U.S., UK Provide Humanitarian Relief to Over 650,000 Zimbabweans

group shotToday the United States Agency for International Development (USAID) and the United Kingdom Government’s Department for International Development (DFID) will jointly launch humanitarian assistance programs to provide immediate support to vulnerable Zimbabweans facing food insecurity during the upcoming lean season. These donors are contributing a combined total of $43 million to provide food and cash to over 650,000 individuals in 29 districts across Zimbabwe.

Poor weather conditions during the 2014-2015 agricultural season, including erratic rainfall and long dry spells, contributed to large-scale crop failure across the country. As a result, according to the Zimbabwe Vulnerability Assessment Committee, an estimated 1.5 million rural Zimbabweans have been left food insecure at the peak of the hungry season.

Working through trusted partners, including the United Nations’ World Food Programme and CARE, this support will provide a combination of food aid and cash transfers to the most vulnerable households within these districts to help them through the most food insecure months of the year.

USAID/Zimbabwe Mission Director Stephanie Funk said:

“The United States continues to stand by the people of Zimbabwe during difficult times. We recognize that humanitarian assistance alone is not enough. We and our partners are working to build resilience and assist vulnerable Zimbabweans to develop the skills to move away from dependency toward self-sufficiency.”

Head of DFID Zimbabwe, Annabel Gerry said:

“The UK’s first responsibility will always be to protect vulnerable people from shocks, and so it is critical that we provide this assistance to Zimbabwe now. At the same time, our longer term aim is to build the resilience of the poorest people to withstand such shocks.”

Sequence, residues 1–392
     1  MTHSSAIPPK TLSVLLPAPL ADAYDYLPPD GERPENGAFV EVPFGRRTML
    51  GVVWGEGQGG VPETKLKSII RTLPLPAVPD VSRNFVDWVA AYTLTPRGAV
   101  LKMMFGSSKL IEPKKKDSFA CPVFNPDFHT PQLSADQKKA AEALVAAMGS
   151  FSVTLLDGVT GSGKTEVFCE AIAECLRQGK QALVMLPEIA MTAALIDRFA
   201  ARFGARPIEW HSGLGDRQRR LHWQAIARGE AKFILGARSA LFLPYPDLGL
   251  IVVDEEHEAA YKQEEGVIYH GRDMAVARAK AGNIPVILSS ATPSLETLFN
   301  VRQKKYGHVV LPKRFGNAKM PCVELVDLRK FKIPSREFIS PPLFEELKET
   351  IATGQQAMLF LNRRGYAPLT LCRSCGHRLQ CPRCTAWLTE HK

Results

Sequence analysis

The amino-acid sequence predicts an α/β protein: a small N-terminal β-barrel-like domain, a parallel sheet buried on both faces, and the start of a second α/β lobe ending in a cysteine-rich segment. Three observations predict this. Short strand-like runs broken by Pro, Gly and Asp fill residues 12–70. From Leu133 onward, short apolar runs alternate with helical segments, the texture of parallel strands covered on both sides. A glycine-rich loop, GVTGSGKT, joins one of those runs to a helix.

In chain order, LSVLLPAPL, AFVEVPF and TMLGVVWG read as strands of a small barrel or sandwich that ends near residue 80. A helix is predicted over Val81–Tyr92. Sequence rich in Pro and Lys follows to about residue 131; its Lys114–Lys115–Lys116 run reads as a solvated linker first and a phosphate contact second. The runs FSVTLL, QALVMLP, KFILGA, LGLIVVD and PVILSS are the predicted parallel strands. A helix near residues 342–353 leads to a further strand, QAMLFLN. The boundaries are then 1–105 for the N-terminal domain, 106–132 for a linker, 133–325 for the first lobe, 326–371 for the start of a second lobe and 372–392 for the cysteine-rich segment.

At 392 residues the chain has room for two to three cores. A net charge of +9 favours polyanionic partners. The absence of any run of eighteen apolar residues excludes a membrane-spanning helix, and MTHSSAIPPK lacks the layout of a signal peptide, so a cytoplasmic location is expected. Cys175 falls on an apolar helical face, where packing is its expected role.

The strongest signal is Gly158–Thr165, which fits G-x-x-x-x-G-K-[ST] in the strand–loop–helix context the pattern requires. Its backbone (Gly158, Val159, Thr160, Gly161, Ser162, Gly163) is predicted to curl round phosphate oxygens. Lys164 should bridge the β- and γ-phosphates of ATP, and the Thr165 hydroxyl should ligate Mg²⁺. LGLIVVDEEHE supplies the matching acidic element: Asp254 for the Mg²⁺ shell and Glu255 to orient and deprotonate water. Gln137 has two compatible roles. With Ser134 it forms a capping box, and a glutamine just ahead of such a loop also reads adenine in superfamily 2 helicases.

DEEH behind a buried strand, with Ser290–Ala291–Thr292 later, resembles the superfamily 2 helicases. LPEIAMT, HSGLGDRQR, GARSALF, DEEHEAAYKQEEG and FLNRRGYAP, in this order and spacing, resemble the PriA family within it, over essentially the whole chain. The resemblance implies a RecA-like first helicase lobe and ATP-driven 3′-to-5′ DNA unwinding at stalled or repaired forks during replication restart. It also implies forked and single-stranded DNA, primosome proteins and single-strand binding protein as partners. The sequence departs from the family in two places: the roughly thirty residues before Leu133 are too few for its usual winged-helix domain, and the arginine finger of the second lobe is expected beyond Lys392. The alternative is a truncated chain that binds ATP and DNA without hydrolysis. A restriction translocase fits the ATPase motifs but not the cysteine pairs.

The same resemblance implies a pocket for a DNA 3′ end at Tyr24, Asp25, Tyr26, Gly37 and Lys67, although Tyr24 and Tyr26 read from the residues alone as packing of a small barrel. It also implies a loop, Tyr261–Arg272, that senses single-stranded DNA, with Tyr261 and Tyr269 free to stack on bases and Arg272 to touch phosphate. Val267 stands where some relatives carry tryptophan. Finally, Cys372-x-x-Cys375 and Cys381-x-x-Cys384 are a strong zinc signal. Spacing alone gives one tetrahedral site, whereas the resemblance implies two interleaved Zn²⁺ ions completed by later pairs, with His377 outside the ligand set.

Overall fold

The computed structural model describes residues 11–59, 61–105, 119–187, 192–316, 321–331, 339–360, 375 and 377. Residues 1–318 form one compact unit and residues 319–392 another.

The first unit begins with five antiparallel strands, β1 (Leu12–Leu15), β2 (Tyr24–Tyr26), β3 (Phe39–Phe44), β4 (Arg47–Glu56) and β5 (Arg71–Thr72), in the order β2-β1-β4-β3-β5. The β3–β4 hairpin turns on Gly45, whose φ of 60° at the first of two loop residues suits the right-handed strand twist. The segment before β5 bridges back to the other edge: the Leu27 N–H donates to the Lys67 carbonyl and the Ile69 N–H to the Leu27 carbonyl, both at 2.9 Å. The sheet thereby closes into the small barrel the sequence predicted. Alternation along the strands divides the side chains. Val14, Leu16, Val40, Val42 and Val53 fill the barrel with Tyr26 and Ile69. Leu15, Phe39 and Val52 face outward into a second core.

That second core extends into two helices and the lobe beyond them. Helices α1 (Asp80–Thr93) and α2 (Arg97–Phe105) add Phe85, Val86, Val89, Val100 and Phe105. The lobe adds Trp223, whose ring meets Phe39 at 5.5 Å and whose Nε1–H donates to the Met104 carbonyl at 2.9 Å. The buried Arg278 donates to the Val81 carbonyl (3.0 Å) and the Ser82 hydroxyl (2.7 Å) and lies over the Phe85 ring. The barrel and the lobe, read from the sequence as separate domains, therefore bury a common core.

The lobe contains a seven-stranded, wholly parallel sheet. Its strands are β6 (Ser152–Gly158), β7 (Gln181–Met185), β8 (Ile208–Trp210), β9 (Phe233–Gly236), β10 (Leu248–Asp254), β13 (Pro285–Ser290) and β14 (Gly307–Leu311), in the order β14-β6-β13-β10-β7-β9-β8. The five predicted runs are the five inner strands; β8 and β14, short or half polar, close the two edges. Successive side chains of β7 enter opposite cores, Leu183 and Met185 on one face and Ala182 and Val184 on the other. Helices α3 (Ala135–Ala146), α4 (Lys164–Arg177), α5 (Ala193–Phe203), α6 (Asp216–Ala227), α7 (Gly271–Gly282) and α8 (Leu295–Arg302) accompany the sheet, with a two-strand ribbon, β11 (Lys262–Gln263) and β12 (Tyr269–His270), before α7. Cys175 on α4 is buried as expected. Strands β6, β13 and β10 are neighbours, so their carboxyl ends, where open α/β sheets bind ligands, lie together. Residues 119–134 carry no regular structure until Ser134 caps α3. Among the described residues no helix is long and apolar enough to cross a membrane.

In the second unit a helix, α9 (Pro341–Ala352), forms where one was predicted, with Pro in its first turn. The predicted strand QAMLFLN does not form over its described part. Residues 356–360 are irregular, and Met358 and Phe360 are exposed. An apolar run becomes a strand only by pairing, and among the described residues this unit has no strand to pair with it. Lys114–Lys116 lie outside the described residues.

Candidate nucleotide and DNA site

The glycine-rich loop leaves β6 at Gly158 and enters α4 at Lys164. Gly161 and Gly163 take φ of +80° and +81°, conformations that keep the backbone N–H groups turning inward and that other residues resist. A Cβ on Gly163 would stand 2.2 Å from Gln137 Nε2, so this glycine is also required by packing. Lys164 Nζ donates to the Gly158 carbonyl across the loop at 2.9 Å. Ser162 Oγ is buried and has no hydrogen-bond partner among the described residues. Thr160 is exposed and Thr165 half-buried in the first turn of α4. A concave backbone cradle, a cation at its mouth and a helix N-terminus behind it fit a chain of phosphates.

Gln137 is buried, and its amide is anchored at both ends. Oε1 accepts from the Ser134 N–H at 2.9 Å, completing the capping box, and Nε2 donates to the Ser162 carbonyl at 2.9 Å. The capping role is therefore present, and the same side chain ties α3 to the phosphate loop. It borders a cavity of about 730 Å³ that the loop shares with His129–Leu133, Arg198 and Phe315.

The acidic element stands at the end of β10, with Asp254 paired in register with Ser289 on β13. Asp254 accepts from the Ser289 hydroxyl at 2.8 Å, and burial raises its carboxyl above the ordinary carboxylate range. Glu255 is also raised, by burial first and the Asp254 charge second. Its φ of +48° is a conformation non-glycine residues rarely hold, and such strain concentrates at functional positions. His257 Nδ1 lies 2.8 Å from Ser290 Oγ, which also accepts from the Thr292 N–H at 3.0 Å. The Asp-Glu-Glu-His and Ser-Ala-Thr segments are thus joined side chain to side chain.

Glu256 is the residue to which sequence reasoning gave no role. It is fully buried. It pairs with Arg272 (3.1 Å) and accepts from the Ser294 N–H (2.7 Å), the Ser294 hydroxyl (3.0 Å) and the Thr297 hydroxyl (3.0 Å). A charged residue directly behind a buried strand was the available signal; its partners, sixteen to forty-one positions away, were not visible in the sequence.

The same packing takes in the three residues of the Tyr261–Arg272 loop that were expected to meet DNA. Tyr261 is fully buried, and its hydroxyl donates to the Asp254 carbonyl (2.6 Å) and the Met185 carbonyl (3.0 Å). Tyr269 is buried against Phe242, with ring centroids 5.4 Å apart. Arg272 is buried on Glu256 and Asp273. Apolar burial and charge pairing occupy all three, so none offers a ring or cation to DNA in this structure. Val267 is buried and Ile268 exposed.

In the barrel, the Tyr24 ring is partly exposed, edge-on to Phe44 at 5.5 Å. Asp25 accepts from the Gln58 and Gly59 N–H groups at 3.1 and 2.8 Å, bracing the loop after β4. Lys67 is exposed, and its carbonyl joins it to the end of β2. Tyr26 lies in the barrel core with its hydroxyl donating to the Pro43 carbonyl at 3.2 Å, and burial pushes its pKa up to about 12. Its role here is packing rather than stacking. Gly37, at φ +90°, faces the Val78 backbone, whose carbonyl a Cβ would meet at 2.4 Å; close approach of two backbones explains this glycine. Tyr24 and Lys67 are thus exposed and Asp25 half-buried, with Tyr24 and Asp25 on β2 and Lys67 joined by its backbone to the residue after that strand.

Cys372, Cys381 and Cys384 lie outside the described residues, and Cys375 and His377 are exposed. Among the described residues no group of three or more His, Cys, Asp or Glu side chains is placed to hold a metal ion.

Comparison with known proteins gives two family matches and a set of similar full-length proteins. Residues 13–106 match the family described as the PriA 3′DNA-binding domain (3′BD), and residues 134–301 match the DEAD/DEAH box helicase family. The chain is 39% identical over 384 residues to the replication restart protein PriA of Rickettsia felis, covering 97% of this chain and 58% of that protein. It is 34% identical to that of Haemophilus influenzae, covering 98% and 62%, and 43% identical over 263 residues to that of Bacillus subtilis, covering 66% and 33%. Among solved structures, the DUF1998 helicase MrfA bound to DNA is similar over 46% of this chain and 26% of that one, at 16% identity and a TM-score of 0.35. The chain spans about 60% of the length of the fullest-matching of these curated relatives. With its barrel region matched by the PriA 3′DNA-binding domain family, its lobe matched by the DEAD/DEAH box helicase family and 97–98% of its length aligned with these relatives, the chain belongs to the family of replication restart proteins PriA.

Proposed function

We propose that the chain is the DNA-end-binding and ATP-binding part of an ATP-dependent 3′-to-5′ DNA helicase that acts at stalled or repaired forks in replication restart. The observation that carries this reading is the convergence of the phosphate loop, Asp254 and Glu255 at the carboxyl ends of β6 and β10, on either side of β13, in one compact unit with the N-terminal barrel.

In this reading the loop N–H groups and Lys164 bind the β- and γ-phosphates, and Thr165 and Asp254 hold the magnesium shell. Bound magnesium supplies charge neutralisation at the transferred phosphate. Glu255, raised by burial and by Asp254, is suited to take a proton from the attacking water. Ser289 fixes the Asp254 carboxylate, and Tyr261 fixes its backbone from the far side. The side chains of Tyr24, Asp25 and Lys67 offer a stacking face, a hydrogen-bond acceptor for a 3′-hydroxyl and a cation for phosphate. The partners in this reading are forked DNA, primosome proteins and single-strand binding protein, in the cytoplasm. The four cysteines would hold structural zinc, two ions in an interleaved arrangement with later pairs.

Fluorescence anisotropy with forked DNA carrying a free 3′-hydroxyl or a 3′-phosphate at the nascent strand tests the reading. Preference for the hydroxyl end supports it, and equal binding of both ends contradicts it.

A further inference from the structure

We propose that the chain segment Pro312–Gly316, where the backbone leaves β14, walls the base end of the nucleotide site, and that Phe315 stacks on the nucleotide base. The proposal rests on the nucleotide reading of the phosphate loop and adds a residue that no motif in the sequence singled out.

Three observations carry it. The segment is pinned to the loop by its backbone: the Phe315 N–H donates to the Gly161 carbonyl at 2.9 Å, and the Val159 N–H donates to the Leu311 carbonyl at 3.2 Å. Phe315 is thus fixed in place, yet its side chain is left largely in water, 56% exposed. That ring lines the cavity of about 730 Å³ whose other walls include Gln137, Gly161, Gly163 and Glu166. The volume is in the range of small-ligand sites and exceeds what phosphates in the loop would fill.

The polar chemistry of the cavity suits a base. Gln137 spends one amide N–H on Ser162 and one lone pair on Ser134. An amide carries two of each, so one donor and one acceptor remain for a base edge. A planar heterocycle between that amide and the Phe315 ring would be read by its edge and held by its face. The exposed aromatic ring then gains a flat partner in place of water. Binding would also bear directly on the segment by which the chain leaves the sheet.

DFID and USAID continue to focus on efforts to help Zimbabweans move toward long-term food security. These agencies support multiple programs which assist hundreds of thousands of vulnerable people to increase their agricultural productivity and incomes and improve their nutritional status. Ultimately, this effort will ensure that the poorest people become more resilient in the face of food security shocks, including recurrent drought.”

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For more than 30 years, the American people, through USAID, have invested over $2.6 billion in Zimbabwe.  Current projects include initiatives to increase food security, support economic resilience, improve health systems and services, and promote a more democratic system of governance.

In 2014/15, DFID provided £73 million in support for Zimbabwe to increase food security, send children to primary school, provide clean water and improved sanitation, create economic opportunities, and reduce maternal mortality.

For additional information, please contact:

U.S. Embassy Harare Public Affairs Officer, Karen Kelley at kelleyk@state.gov

British Embassy Harare Press Officer Sibusisiwe Ndlovu at Sibusisiwe.Ndlovu@fco.gov.uk